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Gato Roboto Review — Meowtroidvania

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The lure of the Metroidvania genre seems to be irresistible to indie developers. Something about combining platforming with shooting, upgrade systems, and plenty of back-tracking seems to appeal to creators and players alike. Doinksoft has gone the extra mile by making the protagonist of Gato Roboto into the internet’s favourite animal—a cat.

Gato Roboto begins quite dramatically, with a spaceship crash. The crash was inadvertently caused by the adorable protagonist, Kiki, who stood on some vital control panels when seeking attention from her owner, ship pilot Gary. Luckily, though, Kiki has a radio collar that Gary can use to speak to Kiki and act as the player’s guide through the game.

The first task involves navigating narrow corridors to find a mech suit, which just happens to be perfectly proportioned for a small cat. Upon equipping the mech suit, alarms ring out and enemies appear, forcing the player to quickly learn how to use the suit’s functions to survive.

Enemies come in a variety of forms, from the dangerous security robots to wild animals that appear to have taken exception to Kiki’s appearance, including frogs and bees that are almost as big as Kiki. The arm-cannon fitted to the mech suit will usually sort them out, and, as might be expected from a Metroidvania title, upgrades are hidden throughout the labyrinthine corridors.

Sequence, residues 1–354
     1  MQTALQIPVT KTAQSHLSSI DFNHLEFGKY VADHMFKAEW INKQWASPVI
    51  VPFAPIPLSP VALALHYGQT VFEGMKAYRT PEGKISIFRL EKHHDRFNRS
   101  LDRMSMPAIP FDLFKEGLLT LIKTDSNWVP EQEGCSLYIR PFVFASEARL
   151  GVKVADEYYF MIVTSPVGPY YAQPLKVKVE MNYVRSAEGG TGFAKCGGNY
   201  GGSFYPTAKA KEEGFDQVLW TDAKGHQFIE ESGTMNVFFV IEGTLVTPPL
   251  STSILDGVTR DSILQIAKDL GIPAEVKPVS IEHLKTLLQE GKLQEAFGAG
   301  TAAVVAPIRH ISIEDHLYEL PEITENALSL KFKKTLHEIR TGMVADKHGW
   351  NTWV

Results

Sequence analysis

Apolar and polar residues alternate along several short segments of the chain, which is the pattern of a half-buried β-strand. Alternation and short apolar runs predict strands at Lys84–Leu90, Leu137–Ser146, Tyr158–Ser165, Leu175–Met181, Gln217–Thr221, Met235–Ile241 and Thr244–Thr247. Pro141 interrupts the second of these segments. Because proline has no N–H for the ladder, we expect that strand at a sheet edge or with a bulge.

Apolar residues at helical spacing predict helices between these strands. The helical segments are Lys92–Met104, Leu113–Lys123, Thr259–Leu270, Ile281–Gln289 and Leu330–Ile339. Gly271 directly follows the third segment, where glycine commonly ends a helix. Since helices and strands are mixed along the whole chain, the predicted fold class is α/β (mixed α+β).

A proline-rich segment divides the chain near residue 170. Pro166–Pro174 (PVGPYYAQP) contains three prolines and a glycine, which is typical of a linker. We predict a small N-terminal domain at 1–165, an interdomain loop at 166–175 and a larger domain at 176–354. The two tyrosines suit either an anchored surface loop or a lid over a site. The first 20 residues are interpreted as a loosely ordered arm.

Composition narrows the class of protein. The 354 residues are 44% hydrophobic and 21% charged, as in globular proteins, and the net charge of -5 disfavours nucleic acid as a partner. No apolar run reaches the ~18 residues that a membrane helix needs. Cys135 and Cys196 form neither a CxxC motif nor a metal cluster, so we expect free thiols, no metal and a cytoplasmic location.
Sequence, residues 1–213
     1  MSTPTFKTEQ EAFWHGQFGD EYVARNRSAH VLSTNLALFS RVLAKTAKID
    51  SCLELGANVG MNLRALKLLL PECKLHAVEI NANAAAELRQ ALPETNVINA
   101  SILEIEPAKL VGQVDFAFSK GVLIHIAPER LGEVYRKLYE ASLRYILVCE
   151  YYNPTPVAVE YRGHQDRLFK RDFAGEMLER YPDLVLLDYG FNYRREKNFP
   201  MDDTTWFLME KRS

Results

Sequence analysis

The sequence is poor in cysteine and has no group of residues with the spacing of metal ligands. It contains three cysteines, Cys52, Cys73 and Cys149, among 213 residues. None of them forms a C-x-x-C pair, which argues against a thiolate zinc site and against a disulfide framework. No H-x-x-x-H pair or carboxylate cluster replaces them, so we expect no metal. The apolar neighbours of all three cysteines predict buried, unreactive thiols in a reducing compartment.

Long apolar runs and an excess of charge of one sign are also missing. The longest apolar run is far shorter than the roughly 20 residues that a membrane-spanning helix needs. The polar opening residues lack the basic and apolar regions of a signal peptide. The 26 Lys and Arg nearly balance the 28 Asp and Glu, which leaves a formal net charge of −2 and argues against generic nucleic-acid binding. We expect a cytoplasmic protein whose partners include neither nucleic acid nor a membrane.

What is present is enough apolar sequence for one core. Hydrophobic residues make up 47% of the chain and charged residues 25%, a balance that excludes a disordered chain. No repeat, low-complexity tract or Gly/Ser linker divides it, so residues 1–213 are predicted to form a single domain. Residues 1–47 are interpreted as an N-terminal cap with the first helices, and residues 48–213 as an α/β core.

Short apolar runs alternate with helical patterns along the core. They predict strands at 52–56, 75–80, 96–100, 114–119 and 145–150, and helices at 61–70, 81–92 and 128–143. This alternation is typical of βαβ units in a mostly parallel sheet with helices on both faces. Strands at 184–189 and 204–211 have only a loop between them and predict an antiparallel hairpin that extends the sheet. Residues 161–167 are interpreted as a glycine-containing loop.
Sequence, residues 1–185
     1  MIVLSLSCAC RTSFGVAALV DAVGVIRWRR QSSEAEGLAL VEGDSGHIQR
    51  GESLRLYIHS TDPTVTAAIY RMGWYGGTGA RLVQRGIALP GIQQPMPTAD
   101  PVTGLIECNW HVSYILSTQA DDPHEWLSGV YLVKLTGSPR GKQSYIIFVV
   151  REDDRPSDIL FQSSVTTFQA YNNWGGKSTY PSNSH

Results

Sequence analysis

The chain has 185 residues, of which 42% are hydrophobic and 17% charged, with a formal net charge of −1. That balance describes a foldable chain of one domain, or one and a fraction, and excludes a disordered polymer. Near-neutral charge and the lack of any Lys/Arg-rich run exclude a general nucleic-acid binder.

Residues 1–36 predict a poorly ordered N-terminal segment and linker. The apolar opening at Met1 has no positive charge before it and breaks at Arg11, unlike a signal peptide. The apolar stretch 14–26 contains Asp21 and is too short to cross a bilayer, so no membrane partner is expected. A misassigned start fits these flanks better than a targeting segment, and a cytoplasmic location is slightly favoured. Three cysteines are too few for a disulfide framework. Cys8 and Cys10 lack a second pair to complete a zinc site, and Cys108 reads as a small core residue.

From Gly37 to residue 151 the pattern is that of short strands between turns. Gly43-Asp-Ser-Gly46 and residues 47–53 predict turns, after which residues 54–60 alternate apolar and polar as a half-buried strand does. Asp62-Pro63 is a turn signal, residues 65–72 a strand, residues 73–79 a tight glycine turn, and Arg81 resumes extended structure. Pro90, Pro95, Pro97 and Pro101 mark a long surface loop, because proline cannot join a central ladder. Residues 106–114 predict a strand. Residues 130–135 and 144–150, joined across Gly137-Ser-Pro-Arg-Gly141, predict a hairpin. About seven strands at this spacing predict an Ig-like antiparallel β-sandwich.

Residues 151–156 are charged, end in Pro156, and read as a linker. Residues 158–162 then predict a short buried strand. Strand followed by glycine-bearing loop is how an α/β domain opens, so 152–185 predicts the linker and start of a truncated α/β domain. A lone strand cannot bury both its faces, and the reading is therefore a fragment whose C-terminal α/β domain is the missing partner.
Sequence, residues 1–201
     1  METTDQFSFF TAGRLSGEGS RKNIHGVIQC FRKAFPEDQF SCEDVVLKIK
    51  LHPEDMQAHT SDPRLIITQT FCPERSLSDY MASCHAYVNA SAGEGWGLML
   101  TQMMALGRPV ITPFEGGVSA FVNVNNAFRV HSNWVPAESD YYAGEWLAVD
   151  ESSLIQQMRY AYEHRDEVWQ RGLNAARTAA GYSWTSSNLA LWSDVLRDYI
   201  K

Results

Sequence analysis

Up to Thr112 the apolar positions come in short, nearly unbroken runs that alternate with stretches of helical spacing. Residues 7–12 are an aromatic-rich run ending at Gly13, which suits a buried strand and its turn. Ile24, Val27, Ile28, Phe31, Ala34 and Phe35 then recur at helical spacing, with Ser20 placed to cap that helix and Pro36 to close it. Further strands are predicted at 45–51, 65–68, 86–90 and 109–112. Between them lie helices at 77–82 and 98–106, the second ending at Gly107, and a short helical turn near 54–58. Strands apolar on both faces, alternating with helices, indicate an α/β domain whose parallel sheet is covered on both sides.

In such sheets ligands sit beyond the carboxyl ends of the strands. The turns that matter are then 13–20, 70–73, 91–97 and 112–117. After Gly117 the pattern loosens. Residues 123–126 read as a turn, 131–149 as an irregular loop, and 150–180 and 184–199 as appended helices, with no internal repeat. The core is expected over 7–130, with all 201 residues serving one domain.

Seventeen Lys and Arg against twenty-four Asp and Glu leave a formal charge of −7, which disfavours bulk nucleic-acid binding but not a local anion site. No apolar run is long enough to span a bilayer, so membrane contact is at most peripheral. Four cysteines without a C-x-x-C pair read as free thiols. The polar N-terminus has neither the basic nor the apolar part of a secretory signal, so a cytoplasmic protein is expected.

Upgrades range from simple health upgrades which add a unit of health to the player’s energy (or NRG) bar, allowing Kiki to survive more damage, or items such as the Rocket, which lets Kiki blow apart walls to reach new areas, as well as providing a kind of double-jump function. Many more are hidden throughout, with various functions, most of which will be familiar to seasoned Metroidvania fans.

Standard enemies are not the only things the player needs to worry about. The game also features bosses who guard the end of each area. Like the rest of the game, the bosses are imbued with gentle humour while still offering a significant challenge, such as the first boss, who turns out to be a mouse piloting another mech suit.

Exploration and backtracking is essential to find all those hidden upgrades, with many upgrades being essential in order to progress. Of course, enemies get tougher as Kiki ventures further through the corridors and tunnels, but the difficulty curve is fairly smooth, and never seems to hit a brick wall.

If the player finds they stuck in a literal tight spot, Kiki can be ejected from the mech suit and left to wander around as a simple cat. This gameplay option offers an advantage of mobility, but makes the kitty much more vulnerable to attack. Many puzzles within Gato Roboto require the player to use a combination of mech suit and cat form to successfully navigate forward, forcing them to become more flexible in the approach than simply blasting everything in sight.

The setting is strongly reminiscent of early NES or Game Boy titles. The entire game uses the 8-bit aesthetic, with black-and-white sprites and blocky, angular tiles making up the level design. Gato Roboto really feels like it belongs on a hand-held system, so its upcoming Switch port seems quite appropriate.